No Evidence To Support Whether Booster Shots Are Good—PAHO Boss

(CNC 3) – While inaccurate reports of President Paula-Mae Weekes getting a third dose of COVID-19 vaccine as a booster stirred a debate on social media, the Pan American Health Organisation (PAHO) says there is not yet enough evidence to suggest that people should get booster shots. In fact, experts are currently studying the vaccine, conducting clinical trials and collecting data to determine whether they should recommend a third dose or booster for added protection against COVID-19 variants.

During Tuesday’s COVID-19 briefing on the Americas, PAHO Director Dr Carissa Etienne said it was essential to have the data analysed to allow them to make the proper recommendations. She said recommendations might differ depending on vaccine types and specific groups, such as immunocompromised people, the elderly and the general population.

“Let us stress that the important fact here is to highlight that the best protection against the new Variants of Concern is to control transmission everywhere. And so for this reason, the urgent need to have equitable access to vaccines is an ethical imperative, and it is the best public health response to the spread. You know our countries urgently need COVID-19 vaccines,” Etienne said.

According to PAHO’s data, less than 25 per cent of people in the Caribbean and Latin America are fully vaccinated against COVID-19. In some countries, it is less than five per cent inoculated and some are unable to offer the second dose of the vaccine.

With many countries and territories eyeing the reopening of schools in September, PAHO also recommends that governments do this using a phased approach. Etienne said authorities should consider a country’s epidemiological situation. Acknowledging that his can change rapidly, she said surveillance would be key in ensuring that reopening is safe and that learning environments remain healthy.

“Prior to reopening, countries must ensure that schools can maintain COVID-19 prevention and its control measures, such as social distancing, hand hygiene, mask-wearing and the safe and accessible transportation to and from school is also an important consideration.”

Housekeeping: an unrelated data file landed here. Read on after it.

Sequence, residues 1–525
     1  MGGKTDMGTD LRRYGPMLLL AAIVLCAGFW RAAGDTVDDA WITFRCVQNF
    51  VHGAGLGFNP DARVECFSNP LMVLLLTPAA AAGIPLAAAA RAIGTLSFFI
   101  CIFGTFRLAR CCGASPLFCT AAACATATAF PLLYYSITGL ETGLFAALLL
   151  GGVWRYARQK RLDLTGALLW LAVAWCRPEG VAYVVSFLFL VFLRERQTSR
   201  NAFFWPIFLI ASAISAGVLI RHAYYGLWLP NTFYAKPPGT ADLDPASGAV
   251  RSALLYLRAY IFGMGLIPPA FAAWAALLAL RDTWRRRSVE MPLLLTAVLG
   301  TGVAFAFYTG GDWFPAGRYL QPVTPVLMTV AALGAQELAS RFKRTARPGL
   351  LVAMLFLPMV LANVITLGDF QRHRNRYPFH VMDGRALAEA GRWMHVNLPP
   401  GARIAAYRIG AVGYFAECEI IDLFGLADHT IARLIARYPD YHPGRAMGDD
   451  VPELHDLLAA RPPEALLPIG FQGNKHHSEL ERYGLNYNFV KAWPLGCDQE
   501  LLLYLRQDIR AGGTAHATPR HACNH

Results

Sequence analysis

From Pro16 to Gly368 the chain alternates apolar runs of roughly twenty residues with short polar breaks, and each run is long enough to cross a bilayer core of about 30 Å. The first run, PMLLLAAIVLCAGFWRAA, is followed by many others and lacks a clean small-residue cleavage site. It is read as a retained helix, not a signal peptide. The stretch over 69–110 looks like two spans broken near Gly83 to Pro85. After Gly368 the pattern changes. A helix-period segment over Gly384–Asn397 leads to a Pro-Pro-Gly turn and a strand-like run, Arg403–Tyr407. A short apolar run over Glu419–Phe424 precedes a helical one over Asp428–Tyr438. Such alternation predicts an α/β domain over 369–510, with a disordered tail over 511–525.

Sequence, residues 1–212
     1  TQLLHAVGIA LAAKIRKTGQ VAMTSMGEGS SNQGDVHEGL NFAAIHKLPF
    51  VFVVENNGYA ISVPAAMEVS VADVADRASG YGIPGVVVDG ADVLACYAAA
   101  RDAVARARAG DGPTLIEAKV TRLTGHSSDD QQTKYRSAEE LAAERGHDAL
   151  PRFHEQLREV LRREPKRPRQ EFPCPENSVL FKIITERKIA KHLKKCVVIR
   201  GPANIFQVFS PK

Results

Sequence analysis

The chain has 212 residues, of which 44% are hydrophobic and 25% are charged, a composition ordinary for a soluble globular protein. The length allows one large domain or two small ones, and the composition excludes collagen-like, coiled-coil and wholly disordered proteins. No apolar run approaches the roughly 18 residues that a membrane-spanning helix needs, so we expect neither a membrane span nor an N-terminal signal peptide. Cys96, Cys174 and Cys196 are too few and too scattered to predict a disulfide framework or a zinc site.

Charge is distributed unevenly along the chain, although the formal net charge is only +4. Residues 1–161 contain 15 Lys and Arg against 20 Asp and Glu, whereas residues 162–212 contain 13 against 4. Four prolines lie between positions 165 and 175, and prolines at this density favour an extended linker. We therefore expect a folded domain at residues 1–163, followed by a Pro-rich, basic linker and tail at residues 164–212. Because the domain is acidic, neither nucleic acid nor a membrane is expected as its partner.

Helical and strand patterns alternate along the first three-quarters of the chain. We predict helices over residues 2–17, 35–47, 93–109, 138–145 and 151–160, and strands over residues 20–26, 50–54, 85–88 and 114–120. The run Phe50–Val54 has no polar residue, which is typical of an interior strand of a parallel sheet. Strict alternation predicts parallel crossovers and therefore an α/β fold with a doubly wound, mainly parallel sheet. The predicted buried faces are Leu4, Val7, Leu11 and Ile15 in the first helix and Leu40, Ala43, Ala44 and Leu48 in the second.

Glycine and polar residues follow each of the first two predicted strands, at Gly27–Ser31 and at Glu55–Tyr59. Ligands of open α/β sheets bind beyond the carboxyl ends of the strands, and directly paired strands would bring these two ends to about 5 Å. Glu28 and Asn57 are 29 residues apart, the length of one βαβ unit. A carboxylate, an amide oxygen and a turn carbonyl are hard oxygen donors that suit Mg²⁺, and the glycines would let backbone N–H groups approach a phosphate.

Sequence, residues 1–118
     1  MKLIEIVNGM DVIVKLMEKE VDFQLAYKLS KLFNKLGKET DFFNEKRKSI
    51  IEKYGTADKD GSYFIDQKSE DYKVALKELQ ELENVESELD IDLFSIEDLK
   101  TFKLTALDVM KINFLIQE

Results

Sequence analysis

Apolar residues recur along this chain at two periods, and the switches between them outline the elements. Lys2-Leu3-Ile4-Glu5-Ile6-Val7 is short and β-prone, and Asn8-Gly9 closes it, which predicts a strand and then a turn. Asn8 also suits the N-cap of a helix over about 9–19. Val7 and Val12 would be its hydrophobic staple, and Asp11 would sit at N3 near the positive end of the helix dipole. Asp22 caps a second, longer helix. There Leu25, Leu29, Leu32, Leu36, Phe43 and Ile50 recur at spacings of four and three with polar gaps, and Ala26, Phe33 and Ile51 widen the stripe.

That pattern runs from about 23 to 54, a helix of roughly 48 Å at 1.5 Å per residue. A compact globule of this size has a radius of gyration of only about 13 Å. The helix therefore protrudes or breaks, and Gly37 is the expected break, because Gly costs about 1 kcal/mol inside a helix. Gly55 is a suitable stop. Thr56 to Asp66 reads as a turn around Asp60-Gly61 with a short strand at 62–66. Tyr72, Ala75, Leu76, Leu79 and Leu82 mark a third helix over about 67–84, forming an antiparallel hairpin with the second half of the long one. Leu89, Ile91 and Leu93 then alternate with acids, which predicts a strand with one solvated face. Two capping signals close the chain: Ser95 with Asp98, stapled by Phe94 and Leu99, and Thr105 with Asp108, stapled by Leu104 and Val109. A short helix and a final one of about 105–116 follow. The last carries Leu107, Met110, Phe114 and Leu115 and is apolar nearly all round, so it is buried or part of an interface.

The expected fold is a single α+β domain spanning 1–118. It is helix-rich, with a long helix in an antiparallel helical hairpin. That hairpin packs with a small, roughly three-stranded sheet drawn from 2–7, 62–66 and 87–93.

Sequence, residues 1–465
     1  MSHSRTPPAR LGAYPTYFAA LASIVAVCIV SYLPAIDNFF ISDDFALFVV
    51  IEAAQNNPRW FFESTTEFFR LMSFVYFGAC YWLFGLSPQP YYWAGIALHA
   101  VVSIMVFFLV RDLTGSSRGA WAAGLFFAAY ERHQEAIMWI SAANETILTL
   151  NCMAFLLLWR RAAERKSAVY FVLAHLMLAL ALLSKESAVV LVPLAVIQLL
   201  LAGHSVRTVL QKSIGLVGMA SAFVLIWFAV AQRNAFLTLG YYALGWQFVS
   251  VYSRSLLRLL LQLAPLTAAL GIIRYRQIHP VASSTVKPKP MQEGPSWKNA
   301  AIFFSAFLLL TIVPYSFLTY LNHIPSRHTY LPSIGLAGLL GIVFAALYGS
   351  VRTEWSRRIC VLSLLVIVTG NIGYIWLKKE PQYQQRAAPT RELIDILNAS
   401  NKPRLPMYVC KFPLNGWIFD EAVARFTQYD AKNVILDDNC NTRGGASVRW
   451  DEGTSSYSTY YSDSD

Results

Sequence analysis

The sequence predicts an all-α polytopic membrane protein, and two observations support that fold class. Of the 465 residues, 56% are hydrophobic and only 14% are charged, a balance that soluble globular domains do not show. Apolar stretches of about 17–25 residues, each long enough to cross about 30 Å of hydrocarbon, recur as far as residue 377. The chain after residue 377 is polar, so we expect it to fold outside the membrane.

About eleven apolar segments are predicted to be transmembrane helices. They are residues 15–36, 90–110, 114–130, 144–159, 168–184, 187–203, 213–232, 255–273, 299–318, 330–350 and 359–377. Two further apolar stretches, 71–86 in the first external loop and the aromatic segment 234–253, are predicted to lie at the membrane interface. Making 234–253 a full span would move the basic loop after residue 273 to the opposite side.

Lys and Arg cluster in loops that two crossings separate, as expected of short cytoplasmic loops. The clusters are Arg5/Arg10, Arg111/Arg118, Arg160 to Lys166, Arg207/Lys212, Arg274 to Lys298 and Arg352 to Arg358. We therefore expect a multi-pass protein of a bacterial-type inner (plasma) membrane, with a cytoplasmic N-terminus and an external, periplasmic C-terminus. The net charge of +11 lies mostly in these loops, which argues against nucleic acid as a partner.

PAHO has developed guidance for school reopening and Etienne said they are working with member states to achieve this as safely as possible. She said the safest way to reopen schools rest on a country’s ability to suppress transmission through vaccination and the implementation of public health measures.

“This is the only way we protect children, teachers, parents and the community.”

With the Caribbean and Latin America continuing to suffer from a severe shortage of COVID-19 vaccines, PAHO will launch a platform to boost regional vaccine manufacturing efforts. It will begin with the first in a series of meetings to promote greater coordination across countries and enlist partners from the public and private sectors. Etienne said limited production and unequal distribution of vaccines compromise the region’s pandemic response and put public health at very high risk. She said reliance on imports makes the Caribbean and Latin America more vulnerable.

Tomorrow (August 27), leaders from global financial institutions, governments and public health agencies will meet to discuss the platform, which will foster research and incentivise the development and manufacture of health technologies. PAHO is also working with the World Health Organization (WHO) and other partners to bring the highly effective mRNA vaccine technology into the region. So far, over 30 public and private companies and institutions have expressed the desire to take part in the technology transfer and PAHO is in the “process of identifying the most promising proposals,” she said